Few chocolate chip cookies are more iconic than those made by Mrs. Fields; her famous recipe always yields perfectly round, evenly cooked treats. Her secret? Swapping a softened stick of butter for cold cubes of the stuff. “A cold butter is going to give you a little bit different texture, and it’s also going to keep the temperature nice and even,” Mrs. Fields baking expert Rachel Matheus said in a recent interview with POPSUGAR.

3. For a firmer cookie, let the dough chill for 24 – 36 hours.

When you quickly whip up a batch of cookie dough and throw it straight into your oven, you’re not giving your ingredients much time to truly combine. That’s why Jacque Torres, a.k.a. Mr. Chocolate, lets his dough chill for 24 – 36 hours — or even multiple days, according to The New York Times. This trick allows the dry ingredients to fully soak up the wet ingredients, resulting in a drier and firmer dough.

4.  If you like ’em thin and crispy, use more white sugar than brown.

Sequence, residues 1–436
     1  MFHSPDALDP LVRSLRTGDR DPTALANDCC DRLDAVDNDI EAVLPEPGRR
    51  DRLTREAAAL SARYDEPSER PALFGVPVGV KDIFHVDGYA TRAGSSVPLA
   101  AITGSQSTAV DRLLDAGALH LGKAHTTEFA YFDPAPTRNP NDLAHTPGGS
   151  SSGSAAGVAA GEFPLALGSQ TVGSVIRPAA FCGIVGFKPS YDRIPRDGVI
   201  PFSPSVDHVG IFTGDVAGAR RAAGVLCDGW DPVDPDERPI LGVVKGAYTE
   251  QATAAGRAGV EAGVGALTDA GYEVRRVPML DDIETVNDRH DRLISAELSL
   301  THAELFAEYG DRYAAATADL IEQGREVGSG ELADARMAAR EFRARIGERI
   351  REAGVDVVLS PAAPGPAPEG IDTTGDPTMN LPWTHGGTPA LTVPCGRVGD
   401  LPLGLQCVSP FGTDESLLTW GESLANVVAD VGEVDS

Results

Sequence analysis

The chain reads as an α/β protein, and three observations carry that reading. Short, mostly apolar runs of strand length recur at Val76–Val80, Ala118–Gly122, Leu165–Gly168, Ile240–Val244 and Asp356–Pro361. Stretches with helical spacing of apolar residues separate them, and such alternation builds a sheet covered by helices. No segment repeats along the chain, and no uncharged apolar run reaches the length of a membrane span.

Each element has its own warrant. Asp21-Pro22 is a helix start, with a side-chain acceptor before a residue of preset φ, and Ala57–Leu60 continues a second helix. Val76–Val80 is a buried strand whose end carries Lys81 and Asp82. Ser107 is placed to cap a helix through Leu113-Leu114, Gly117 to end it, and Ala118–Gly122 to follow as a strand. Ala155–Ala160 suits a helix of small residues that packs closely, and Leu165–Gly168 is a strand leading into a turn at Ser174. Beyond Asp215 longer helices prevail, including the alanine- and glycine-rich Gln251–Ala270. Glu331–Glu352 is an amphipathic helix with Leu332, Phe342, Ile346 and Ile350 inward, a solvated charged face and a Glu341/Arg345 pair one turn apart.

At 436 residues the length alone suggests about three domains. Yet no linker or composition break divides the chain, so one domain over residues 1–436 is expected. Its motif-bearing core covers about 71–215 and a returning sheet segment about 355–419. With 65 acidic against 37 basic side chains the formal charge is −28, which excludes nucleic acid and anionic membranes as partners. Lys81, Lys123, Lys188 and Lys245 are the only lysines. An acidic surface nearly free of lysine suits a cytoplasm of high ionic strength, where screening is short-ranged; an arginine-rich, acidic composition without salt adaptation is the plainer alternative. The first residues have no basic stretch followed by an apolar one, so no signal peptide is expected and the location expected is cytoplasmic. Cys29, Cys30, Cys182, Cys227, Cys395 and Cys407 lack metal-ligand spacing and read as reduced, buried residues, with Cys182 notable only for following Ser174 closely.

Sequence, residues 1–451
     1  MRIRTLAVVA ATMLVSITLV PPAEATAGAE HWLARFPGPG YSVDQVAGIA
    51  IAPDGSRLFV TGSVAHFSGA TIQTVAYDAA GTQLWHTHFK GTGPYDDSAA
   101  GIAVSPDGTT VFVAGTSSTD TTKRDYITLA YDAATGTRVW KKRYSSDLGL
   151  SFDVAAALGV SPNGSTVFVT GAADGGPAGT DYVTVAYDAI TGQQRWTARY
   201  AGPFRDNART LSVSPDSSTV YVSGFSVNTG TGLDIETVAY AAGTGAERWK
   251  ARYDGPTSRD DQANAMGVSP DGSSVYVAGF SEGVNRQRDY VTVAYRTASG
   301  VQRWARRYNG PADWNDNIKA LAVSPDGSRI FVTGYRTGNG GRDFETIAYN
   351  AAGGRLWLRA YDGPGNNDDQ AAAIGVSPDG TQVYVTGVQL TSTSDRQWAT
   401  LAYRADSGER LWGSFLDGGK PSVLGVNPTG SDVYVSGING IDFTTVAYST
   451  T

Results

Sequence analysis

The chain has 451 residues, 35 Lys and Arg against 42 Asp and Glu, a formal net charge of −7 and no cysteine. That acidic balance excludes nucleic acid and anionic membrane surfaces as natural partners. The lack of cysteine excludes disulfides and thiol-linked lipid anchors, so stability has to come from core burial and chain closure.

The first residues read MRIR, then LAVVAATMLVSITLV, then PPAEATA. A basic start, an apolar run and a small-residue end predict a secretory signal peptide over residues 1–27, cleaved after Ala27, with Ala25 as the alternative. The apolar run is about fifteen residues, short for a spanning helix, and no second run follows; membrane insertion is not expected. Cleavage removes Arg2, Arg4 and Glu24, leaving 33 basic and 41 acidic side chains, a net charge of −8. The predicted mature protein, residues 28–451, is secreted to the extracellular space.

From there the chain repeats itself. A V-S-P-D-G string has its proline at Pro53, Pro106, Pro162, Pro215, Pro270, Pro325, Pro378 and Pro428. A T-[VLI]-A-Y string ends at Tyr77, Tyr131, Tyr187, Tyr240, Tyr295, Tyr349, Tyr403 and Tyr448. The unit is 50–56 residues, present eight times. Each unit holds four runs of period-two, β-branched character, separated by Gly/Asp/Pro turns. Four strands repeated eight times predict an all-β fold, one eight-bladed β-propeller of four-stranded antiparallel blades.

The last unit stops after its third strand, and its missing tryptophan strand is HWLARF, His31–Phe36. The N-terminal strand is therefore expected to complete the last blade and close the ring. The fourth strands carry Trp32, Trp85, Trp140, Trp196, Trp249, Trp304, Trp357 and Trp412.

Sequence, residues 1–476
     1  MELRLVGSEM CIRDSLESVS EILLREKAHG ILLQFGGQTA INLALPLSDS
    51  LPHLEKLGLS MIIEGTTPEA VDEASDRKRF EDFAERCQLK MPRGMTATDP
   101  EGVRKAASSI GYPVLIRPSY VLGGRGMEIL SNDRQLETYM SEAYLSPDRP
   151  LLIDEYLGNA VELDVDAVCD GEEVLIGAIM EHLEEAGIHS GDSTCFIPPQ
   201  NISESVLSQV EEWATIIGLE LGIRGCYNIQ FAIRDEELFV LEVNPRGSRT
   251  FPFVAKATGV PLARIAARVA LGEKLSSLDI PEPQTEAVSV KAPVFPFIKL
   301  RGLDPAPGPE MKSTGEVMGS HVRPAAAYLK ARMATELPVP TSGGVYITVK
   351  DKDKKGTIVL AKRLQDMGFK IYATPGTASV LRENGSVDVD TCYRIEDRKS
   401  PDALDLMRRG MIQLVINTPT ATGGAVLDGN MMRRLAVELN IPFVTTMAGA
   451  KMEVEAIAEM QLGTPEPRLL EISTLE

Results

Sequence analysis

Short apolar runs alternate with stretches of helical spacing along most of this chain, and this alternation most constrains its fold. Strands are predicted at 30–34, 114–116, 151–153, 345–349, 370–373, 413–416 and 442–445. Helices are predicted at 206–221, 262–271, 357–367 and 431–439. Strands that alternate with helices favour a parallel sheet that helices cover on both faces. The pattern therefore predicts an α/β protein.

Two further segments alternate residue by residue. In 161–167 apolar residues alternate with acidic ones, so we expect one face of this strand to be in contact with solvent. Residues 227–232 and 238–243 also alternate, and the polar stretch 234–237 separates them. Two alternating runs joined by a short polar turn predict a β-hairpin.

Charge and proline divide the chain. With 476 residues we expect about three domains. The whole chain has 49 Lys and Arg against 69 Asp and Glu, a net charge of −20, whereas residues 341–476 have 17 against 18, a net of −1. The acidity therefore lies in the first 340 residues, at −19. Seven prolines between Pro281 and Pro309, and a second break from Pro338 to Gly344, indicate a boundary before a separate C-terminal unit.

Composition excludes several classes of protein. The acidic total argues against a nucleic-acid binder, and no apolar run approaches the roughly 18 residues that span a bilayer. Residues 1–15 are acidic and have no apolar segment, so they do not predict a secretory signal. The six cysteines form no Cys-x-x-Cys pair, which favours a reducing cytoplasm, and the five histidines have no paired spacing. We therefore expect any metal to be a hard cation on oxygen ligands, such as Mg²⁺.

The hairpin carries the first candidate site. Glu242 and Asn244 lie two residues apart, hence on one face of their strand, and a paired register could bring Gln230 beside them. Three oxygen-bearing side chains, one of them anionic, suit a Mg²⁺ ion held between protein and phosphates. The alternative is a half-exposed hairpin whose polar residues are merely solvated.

Food Network chef and food scientist extraordinaire Alton Brown once made an entire iconic episode of his hit show Good Eats explaining how to alter a chocolate chip cookie recipe to create different textures and qualities. His Chewy recipe might be the biggest hit of the three featured in the episode, but be sure not to overlook the pure genius behind his Thin cookies: By adding more white sugar than brown (white sugar has less leavening power than brown, according to Serious Eats), these cookies end up spreading instead of rising, which creates a thinner, crisper treat.